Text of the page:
Covid-19 is an exemplary case of a public bad. Although the disease threatens some demographic categories more than others, the pandemic ultimately threatens the entire public. Therefore, knowledge about the causes, consequences, and strategies to mitigate the pandemic is a public good that will benefit us all. Because such public knowledge is unlikely to be profitable, there is little incentive for private firms to invest in the research. It is therefore up to governments to support university research to generate such knowledge.
Publicly funded, public-goods agriculture and food research is necessary for understanding and preventing pandemics, like Covid-19, because pandemics often originate in the agriculture and food system. Private goods are things that people must buy, whereas public goods are available to everyone. Potential zoonotic viruses are ubiquitous, but they will not jump from one species to another without the right conditions. The destruction of wildlife habitat and the crowding of different species into marketplaces are two conditions that facilitate species jumping (Bodin 2020). Knowledge about how the agricultural and food system fosters the creation and spread of zoonotic viruses is a public good because all people benefit from knowledge that could protect them from infection.
There is evidence that the 2003 SARS virus and the current Covid-19 pandemic passed through intermediary species after originating in bats. SARS moved from bats to people through civets, and Covid-19 through pangolins. Because pangolins are endangered species, they are poached and smuggled into China where their meat and scales are believed to provide health benefits. The butchering of these animals, when people interact with the animal fluids most directly, provides the optimal conditions for a virus that has mutated in just the right way to cross the species barrier (Breiman 2020). Zoonotic diseases like Covid-19 thus reveal distressing dimensions of the global agriculture and food system that are not adequately understood or regulated through private commerce.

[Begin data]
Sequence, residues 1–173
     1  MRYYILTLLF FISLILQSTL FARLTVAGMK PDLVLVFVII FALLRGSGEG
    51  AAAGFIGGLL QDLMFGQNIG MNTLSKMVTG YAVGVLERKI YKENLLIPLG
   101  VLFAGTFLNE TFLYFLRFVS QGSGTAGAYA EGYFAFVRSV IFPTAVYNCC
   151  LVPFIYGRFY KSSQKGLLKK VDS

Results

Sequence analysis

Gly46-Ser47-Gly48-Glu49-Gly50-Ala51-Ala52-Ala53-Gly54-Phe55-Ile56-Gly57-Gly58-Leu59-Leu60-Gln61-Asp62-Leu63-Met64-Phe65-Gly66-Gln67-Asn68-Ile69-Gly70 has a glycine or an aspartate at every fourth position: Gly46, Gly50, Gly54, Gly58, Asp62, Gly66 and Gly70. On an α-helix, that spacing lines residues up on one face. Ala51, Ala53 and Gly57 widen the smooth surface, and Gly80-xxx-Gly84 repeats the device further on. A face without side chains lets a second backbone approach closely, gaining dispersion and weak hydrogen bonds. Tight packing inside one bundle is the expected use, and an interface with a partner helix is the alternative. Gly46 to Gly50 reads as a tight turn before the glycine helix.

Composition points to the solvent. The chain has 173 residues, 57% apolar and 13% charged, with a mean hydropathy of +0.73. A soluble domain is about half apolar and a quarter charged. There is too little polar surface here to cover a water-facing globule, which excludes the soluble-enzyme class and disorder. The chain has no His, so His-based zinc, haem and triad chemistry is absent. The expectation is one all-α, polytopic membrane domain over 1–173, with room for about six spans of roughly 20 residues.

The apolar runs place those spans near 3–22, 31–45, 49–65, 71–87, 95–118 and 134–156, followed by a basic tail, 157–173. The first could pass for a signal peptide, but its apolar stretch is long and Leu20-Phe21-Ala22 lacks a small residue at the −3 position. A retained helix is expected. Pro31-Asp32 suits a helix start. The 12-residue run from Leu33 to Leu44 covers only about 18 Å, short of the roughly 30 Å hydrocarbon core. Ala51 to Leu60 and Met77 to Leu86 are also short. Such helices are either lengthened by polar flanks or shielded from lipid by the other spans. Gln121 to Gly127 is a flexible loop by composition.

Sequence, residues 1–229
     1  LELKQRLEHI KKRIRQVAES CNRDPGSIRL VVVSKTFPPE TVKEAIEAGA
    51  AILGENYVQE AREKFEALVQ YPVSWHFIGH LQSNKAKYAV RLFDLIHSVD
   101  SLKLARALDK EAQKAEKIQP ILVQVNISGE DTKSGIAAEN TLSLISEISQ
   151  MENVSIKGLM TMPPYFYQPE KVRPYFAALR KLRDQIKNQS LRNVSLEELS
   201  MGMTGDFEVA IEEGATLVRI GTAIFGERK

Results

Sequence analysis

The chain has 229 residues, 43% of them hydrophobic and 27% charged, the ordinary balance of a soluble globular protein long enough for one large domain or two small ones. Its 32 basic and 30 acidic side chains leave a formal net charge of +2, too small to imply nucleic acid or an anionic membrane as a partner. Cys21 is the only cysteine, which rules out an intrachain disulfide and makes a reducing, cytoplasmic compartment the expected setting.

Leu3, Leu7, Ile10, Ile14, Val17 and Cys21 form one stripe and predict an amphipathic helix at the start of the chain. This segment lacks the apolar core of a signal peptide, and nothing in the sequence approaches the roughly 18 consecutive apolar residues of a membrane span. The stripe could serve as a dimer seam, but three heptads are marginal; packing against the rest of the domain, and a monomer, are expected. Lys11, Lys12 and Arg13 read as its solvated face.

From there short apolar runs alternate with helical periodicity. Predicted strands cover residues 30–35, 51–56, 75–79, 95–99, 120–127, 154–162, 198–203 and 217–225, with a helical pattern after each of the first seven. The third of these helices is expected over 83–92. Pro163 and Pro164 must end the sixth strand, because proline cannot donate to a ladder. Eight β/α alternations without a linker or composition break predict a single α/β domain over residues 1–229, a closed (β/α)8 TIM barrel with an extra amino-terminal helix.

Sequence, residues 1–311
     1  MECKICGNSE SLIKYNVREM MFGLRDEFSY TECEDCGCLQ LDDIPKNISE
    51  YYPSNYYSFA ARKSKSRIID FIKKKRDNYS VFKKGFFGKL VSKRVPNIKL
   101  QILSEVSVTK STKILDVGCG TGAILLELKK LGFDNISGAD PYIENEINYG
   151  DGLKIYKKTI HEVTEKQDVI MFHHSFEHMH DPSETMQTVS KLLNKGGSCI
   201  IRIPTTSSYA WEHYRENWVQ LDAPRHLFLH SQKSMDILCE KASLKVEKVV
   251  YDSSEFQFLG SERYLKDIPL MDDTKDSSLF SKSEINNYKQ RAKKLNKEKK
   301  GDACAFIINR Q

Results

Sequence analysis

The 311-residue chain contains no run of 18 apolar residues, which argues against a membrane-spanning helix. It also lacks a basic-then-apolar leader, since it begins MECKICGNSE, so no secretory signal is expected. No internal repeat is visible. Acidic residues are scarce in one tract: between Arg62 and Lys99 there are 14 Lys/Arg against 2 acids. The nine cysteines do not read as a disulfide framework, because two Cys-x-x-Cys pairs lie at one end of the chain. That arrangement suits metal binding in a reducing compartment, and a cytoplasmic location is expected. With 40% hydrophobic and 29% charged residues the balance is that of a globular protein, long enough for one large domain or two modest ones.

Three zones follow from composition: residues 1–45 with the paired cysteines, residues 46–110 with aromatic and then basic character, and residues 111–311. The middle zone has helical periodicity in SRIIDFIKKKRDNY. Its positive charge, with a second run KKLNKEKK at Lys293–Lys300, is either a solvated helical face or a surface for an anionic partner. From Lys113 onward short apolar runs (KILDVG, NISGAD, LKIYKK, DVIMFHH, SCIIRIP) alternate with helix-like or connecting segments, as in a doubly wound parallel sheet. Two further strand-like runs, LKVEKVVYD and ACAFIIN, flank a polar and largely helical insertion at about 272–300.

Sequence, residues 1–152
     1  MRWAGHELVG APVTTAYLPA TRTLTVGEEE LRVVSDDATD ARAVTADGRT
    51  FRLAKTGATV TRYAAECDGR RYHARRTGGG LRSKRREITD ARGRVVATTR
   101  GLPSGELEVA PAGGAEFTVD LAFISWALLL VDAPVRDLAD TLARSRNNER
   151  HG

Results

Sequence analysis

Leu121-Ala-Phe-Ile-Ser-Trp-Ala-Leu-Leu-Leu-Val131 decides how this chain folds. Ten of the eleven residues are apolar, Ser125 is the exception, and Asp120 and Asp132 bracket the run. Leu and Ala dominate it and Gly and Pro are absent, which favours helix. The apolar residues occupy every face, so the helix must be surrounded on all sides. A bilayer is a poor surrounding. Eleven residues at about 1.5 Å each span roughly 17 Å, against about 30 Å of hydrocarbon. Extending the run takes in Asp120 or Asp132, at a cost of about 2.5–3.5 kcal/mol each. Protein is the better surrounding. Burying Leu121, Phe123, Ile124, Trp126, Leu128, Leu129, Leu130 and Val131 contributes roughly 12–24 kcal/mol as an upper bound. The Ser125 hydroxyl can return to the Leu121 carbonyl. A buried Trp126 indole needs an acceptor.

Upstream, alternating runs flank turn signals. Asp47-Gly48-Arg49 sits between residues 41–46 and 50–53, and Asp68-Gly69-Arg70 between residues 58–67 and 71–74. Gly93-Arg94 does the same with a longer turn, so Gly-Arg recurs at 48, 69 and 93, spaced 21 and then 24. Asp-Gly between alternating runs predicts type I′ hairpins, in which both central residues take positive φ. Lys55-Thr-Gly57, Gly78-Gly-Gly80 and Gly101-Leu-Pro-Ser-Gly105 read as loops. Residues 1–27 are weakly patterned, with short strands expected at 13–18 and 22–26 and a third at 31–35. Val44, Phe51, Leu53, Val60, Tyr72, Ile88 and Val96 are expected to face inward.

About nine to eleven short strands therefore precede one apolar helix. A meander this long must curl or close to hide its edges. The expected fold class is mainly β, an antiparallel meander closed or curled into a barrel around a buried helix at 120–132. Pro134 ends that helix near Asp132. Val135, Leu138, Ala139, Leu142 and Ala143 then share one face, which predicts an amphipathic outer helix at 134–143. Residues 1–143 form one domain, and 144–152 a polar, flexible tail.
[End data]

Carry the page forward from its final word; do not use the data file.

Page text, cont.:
Since colleges of agriculture at United States land-grant universities have thousands of social and biophysical scientists who study natural resource use and the agriculture and food system, these agricultural colleges are well positioned to explain the complex social and biophysical dynamics that promote the emergence and spread of the diseases, including habitat loss, the exploitation and maltreatment of animals, and inequality, injustice, and dangerous and unhygienic working conditions. All of these issues have public dimensions that leave them outside the purview of food markets in most countries. Unfortunately, public funding for agriculture and food research has stagnated and even declined in the United States and other industrial nations over the past five decades, and agriculture and food research has increasingly been directed at generating private goods.